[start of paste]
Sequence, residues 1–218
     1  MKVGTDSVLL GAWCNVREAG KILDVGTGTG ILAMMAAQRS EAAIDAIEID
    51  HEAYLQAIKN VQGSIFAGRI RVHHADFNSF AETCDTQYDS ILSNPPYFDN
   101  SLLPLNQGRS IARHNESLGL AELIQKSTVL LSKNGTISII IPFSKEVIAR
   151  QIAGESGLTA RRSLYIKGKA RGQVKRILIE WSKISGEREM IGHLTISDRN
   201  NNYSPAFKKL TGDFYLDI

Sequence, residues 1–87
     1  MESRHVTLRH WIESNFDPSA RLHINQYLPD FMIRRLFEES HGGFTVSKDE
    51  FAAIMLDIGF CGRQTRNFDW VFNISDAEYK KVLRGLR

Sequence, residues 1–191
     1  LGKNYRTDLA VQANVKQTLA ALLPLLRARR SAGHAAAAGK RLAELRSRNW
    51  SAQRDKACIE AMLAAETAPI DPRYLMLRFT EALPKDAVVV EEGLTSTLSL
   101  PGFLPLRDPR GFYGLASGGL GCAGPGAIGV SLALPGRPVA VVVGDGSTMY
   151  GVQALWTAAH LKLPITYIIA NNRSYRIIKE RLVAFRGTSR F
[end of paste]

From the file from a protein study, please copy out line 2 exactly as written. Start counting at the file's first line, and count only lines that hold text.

     1  MKVGTDSVLL GAWCNVREAG KILDVGTGTG ILAMMAAQRS EAAIDAIEID